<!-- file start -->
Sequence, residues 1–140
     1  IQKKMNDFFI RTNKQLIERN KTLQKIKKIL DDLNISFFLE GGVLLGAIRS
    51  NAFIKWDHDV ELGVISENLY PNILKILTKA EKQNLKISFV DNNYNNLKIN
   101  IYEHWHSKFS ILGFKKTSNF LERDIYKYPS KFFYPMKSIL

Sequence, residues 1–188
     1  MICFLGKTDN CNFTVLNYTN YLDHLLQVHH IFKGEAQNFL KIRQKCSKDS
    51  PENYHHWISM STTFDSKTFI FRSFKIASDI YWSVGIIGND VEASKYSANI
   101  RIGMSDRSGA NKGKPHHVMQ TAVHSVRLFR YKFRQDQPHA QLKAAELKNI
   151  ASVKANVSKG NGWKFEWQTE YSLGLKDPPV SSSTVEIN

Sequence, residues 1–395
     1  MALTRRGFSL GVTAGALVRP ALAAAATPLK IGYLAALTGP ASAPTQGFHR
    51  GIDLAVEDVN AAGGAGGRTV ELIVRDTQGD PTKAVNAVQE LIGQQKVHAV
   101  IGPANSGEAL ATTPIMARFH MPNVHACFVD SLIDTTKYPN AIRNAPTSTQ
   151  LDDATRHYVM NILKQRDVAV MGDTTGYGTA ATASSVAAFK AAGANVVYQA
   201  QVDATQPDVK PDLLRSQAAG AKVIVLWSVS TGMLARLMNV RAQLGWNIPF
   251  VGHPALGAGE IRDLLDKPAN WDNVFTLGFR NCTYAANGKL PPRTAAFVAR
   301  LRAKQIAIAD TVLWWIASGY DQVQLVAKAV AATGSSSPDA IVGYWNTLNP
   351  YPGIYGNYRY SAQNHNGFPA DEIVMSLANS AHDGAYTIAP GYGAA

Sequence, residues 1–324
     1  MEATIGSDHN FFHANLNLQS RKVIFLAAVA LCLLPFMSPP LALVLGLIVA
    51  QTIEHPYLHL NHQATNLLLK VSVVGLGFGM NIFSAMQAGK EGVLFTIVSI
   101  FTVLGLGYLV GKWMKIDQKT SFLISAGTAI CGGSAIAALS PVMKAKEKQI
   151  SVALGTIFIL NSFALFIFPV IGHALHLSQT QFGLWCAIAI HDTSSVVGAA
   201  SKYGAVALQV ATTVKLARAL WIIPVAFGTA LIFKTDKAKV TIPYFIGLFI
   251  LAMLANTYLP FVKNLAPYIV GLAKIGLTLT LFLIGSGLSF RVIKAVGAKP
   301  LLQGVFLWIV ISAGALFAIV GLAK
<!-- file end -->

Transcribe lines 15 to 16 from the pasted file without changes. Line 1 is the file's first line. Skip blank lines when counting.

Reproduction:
   201  QVDATQPDVK PDLLRSQAAG AKVIVLWSVS TGMLARLMNV RAQLGWNIPF
   251  VGHPALGAGE IRDLLDKPAN WDNVFTLGFR NCTYAANGKL PPRTAAFVAR